As with the iPad Air, the front-facing camera is now located on the longer landscape edge, along with the Face ID sensor. Surprisingly, the rear-facing camera isn’t as capable as the previous models, which sported Wide and Ultra Wide cameras and supported 2x optical zoom. The new models drop the Ultra Wide camera and retain just the 12-megapixel Wide camera. However, they now feature an adaptive True Tone flash that improves document scanning by stitching together multiple photos to eliminate the shadows that plague most camera-based scans.

New iPad Air

In part because of the Ultra Retina XDR display, the new iPad Pro models are thinner than before, so much so that the 13-inch iPad Pro is the thinnest product Apple has ever made at 5.1 mm thick. More impressive is that the 13-inch model also shed nearly a quarter of a pound in weight—103 grams. Ignore the fact that the iPad Pro is now thinner and lighter than the iPad Air, and that the iPad Air is the mid-range iPad, but the MacBook Air is the low-end MacBook. Air is just a name now.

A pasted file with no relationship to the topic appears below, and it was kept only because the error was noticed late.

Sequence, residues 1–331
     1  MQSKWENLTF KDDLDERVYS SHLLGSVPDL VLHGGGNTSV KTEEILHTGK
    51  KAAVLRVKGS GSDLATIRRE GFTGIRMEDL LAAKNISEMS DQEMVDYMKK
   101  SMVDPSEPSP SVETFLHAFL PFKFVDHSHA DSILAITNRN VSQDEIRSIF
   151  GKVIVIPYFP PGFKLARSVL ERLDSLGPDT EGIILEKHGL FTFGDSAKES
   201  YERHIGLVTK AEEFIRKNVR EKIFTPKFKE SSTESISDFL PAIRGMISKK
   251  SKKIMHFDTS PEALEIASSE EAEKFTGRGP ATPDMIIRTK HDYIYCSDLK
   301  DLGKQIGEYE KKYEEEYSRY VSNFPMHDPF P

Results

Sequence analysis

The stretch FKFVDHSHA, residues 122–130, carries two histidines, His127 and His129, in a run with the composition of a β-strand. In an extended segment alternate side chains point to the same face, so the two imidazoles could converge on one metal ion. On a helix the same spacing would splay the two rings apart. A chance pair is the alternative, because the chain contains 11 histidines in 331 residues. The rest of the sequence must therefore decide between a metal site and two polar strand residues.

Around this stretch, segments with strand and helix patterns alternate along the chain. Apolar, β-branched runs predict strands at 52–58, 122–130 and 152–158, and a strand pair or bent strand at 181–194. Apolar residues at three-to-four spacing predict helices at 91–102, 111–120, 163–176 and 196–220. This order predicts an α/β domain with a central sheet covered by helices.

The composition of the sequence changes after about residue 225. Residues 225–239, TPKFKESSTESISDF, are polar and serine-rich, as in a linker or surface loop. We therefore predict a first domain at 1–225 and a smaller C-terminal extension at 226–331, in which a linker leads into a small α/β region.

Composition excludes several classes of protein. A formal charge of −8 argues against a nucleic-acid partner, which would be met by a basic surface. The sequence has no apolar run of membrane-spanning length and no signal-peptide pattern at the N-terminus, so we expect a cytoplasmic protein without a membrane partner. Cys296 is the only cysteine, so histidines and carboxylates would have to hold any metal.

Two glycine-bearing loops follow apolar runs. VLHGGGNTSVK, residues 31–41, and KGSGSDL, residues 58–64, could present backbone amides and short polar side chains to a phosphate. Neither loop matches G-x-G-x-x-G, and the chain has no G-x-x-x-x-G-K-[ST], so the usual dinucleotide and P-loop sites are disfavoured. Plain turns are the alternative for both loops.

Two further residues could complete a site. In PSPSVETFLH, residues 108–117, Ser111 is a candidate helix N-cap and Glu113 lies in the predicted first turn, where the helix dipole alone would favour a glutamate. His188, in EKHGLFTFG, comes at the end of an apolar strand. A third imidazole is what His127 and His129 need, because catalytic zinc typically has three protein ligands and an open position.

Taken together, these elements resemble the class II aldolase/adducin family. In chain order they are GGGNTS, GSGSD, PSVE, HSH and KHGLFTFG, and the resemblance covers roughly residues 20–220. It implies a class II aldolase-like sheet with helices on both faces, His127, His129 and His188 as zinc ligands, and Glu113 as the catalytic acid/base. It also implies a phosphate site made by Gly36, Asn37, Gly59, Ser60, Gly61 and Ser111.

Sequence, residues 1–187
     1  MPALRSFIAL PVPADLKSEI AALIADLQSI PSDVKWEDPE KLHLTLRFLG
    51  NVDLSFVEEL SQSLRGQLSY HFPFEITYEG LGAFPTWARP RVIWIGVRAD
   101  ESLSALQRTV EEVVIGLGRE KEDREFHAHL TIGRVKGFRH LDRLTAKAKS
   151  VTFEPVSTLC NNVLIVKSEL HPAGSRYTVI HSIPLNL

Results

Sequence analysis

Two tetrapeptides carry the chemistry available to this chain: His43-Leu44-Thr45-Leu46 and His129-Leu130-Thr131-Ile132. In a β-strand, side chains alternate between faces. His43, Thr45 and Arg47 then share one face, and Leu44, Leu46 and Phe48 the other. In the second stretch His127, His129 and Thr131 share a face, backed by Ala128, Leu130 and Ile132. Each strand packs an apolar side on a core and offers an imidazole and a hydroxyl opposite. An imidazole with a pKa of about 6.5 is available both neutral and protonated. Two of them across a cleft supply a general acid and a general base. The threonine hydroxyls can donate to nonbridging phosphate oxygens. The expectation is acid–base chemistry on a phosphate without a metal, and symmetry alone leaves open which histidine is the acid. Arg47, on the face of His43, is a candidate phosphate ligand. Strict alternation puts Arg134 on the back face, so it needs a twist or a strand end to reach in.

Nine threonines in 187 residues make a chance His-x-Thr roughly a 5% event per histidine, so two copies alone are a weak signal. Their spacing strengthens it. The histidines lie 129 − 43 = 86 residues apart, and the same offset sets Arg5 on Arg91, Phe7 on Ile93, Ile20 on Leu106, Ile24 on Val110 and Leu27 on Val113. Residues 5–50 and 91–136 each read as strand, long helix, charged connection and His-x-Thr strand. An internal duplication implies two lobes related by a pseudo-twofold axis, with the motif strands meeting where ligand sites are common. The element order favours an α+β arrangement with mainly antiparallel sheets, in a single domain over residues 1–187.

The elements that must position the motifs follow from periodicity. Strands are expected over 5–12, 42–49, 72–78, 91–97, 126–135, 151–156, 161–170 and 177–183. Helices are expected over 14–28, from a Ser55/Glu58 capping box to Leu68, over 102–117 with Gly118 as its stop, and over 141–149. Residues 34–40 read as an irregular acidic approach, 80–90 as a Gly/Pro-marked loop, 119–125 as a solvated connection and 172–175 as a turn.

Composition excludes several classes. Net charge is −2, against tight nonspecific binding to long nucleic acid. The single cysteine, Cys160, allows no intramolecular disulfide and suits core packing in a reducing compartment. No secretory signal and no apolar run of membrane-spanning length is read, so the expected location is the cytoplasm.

To power the Ultra Retina XDR display and make the iPad Pro models as thin as they are, Apple leapfrogged a chip generation, moving from the M2 to the new M4, which hasn’t appeared in any Macs yet. Apple says the M4’s CPU is 50% faster than the M2 in the previous models, and its GPU is up to four times faster.

New iPad Pro

For those who want a keyboard, the new iPad Pros are compatible only with the just-released Magic Keyboard for iPad Pro ($299 for 11-inch, $349 for 13-inch). As with the iPad Air, you can use either the new $129 Apple Pencil Pro or the $79 USB-C Apple Pencil.

Pricing for the 11-inch iPad Pro starts at $999, with the 13-inch iPad Pro at $1299. 5G cellular connectivity adds $200. Storage starts at 256 GB, up from 128 GB, and Apple offers tiers of 512 GB ($200 more), 1 TB ($600), and 2 TB ($1000). The nano-texture glass also adds $100 and is available only for models with 1 TB or 2 TB of storage. The only available colors are black and silver.

Apple Releases Apple Pencil Pro and Magic Keyboard for iPad Pro

For artists, students, and others who like precise stylus input, the new Apple Pencil Pro offers a variety of new sensors and capabilities. A sensor in the barrel detects a squeeze that brings up a tool palette, and a gyroscope notices when you roll the barrel to change the orientation of shaped pen and brush tools. A new haptic engine provides confirmation of actions like squeezing, double tapping, and snapping to a Smart Shape. When used with the iPad Pro, the Apple Pencil Pro pairs, charges, and is stored on the side using a magnetic interface. If you lose it, you can now locate it with Find My.